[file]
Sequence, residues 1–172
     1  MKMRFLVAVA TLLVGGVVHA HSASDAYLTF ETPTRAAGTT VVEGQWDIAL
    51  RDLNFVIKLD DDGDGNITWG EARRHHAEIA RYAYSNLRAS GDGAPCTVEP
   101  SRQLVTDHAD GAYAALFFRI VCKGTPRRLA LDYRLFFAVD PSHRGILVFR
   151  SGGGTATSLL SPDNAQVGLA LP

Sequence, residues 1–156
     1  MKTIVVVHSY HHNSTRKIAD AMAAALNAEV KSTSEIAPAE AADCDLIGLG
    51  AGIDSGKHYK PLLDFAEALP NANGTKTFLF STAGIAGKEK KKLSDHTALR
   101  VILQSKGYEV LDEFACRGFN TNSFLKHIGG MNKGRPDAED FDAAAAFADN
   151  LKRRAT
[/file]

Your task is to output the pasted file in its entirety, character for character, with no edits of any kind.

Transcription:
Sequence, residues 1–172
     1  MKMRFLVAVA TLLVGGVVHA HSASDAYLTF ETPTRAAGTT VVEGQWDIAL
    51  RDLNFVIKLD DDGDGNITWG EARRHHAEIA RYAYSNLRAS GDGAPCTVEP
   101  SRQLVTDHAD GAYAALFFRI VCKGTPRRLA LDYRLFFAVD PSHRGILVFR
   151  SGGGTATSLL SPDNAQVGLA LP

Sequence, residues 1–156
     1  MKTIVVVHSY HHNSTRKIAD AMAAALNAEV KSTSEIAPAE AADCDLIGLG
    51  AGIDSGKHYK PLLDFAEALP NANGTKTFLF STAGIAGKEK KKLSDHTALR
   101  VILQSKGYEV LDEFACRGFN TNSFLKHIGG MNKGRPDAED FDAAAAFADN
   151  LKRRAT